So I have a close friend that works at a studio that had layoffs…. This is unfortunate however it is a blessing they kept him. Having worked with him closely on a few titles I know for a fact he’s a hard worker and will put in extra time to meet deadlines, etc. So even though it’s sad that many good people have lost their jobs its great that the employers still recognized his invaluable contributions and kept him around.
So the message for today is to stay motivated and focused on your work. Work hard to do right by your fellow coworkers because you never know- one day they might be the one making the decision to hire you at another studio in the future. Small world, small industry….
Uploaded a new demo. This version is a significant jump over it’s predecessor in performance and runs a lot more stable. Ah, I’m feeling warm and happy inside
Lately I’ve been thinking about playing around with integrating multicore physics. Currently, the physics system I coded occurs in the main game thread pass. You know the routine. Multicore physics or rather in my case, Multicore Collision Detection would involve the main thread passing collision volumes to a concurrent physics thread. The physics thread takes the velocities of the objects and watches for collisions. When a collision is detected, this information is propagated to the main thread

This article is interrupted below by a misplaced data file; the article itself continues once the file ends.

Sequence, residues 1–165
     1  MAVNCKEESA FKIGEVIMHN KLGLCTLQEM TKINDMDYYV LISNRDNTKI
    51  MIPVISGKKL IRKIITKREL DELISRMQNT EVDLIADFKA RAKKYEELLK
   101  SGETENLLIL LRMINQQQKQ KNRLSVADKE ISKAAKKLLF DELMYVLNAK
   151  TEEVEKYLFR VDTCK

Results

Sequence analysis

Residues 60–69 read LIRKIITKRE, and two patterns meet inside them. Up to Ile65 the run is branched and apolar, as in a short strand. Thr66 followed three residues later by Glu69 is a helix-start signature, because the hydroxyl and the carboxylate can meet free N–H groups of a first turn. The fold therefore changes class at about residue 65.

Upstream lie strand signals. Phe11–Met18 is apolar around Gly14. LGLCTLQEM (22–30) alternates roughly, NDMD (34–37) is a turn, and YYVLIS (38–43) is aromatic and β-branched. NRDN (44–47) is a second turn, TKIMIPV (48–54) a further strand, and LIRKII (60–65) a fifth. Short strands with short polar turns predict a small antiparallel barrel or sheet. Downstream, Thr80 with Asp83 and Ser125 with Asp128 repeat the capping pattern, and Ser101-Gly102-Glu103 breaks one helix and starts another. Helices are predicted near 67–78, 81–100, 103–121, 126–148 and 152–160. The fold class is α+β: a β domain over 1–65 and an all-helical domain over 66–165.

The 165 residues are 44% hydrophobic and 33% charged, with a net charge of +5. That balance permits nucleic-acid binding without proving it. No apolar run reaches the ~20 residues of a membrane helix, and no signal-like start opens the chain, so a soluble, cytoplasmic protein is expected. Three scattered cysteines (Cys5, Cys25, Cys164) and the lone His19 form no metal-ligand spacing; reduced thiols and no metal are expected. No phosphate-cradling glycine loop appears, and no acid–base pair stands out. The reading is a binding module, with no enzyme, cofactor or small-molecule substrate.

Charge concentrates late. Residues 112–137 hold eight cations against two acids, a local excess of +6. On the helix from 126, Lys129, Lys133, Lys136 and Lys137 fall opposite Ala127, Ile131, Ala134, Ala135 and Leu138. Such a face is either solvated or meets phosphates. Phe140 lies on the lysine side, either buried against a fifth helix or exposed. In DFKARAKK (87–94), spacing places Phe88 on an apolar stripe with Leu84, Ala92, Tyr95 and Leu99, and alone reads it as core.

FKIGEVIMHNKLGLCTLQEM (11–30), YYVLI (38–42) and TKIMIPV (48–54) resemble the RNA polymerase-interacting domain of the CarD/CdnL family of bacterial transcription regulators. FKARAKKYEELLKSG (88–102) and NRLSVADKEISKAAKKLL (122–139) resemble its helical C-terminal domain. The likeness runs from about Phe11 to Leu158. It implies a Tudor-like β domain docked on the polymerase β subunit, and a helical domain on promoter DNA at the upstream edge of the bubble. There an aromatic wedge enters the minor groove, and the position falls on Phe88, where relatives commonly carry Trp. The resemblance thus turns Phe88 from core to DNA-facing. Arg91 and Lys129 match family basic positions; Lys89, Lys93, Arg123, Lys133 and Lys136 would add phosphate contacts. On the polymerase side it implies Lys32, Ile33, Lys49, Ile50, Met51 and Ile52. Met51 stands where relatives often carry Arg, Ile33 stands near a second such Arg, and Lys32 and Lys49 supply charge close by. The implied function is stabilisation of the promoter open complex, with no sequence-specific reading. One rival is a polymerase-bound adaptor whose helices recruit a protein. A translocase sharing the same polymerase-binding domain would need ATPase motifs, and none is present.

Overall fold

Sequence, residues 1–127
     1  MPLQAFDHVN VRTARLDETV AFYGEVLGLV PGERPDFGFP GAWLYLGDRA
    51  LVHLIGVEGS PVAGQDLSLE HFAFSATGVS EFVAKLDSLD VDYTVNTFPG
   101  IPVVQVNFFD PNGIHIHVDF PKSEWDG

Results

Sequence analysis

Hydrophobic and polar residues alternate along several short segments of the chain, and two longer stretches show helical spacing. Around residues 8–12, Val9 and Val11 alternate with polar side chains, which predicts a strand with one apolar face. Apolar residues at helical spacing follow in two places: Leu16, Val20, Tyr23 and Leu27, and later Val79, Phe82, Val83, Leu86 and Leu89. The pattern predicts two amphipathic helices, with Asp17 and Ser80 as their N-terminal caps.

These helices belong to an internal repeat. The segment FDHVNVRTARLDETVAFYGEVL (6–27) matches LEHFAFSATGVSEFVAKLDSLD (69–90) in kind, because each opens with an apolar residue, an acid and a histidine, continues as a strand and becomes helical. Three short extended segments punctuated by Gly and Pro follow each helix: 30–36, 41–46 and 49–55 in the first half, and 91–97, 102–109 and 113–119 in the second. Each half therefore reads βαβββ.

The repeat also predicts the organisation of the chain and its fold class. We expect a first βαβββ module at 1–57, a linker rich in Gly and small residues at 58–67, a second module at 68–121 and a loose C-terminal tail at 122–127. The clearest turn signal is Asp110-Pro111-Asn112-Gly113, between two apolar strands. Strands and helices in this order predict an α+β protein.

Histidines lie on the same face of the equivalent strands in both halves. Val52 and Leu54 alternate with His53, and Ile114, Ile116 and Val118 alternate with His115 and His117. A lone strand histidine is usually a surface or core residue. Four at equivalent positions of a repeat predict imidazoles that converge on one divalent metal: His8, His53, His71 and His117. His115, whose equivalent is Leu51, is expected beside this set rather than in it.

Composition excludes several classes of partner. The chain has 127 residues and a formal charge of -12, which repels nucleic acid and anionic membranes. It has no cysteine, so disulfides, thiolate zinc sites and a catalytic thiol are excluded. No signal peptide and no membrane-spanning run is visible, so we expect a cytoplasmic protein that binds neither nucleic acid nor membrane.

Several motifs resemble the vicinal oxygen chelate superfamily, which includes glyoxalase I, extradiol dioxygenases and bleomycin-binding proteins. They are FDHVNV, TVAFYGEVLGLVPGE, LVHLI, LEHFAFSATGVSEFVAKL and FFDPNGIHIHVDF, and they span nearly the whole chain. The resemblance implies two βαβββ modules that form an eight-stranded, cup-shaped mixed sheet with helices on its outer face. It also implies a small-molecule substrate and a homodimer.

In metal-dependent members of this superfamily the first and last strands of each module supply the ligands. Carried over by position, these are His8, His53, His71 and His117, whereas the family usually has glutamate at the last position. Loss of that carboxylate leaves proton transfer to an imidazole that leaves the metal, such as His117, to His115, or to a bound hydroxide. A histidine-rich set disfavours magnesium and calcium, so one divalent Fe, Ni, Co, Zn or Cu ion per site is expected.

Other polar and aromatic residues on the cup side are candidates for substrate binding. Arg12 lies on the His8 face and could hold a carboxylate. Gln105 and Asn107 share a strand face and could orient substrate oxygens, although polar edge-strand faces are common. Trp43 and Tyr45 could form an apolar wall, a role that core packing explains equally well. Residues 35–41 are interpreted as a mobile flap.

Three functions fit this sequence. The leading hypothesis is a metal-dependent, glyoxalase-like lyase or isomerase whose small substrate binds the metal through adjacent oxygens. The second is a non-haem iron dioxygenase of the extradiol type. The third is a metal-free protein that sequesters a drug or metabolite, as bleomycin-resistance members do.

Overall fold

The gains for the average title might not be all that huge but for a title with hundreds of entities in the physics world the savings might be worth it. In my case though I mostly interested in leveraging more cores.